Bankers embark on bike expedition to tackle blindness

    By IANS,

    Mumbai : Ten staffers of Standard Chartered Bank have embarked on a unique 4,000-km-long journey on motorcycles to mark a decade of the bank’s global programme challenging blindness, an official said here Saturday.

    The staffers will undertake the journey from Mumbai to Khardung La in Ladakh, the highest motorable road in the world, to raise funds for the SCB’s ‘Seeing Is Believing’ international project aimed at tackling avoidable blindness and visual impairment.

    ‘Tough Trails – 7 Steps To Khardung La’, as the challenge is titled, was flagged off here Friday by Sunil Kaushal, SCB’s regional CEO-India and South Asia.

    The bikers will travel through nine Indian states and union territories with temperatures swinging from highs of 48 degrees Celsius to sub-zero. The expedition would test the courage, endurance and determination of the staffers, said Kaushal.

    En route, the 10 will visit vision centres and primary health care facilities for eye health and motivate people and organisations to donate towards the cause of ‘Seeing Is Believing’. The SCB will match all donations, dollar for dollar.

    “We look beyond philanthropy and focus on helping communities and embedding sustainability across all our processes. Our ability to create sustained value is intrinsically linked to the health and prosperity of the communities in which we operate,” Kaushal said of SCB, the largest international bank operating in India with 99 branches in 42 cities.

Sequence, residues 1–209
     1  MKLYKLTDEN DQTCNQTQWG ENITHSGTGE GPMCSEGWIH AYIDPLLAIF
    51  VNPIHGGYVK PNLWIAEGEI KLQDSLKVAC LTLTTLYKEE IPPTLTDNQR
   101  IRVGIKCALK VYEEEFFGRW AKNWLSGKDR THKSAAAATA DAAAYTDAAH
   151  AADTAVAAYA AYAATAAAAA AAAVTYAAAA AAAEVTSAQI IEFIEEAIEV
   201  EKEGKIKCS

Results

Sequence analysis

Besides, the 10 staffers will also take part in various community initiatives like helping paint village schools, afforestion, cleaning up eight high altitude mountain passes of plastic wastes, distributing warm clothes and conducting the first level of eye testing, organising workshops on AIDS, water conservation and green habits.

    Launched in 2003, the SCB’s ‘Seeing Is Beleiving’ programme is carried out in collaboration with the International Agency for Prevention of Blindness to fund sustainable eye-care services in poor areas across the world.

    It has grown into a multi-million dollar programme touching over 41 million people across the world so far.

    In India, it has benefited more than three million people so far. Under the programme, over one million have been screened, more than 50,000 given spectacles, around 50,000 given primary eye care treatment and training.

    The project involved about 1,200 health workers and medical professionals through 72 centres in 10 states at a cost of $4.9 million.

    The bank has committed additional spends of $6 million until 2020.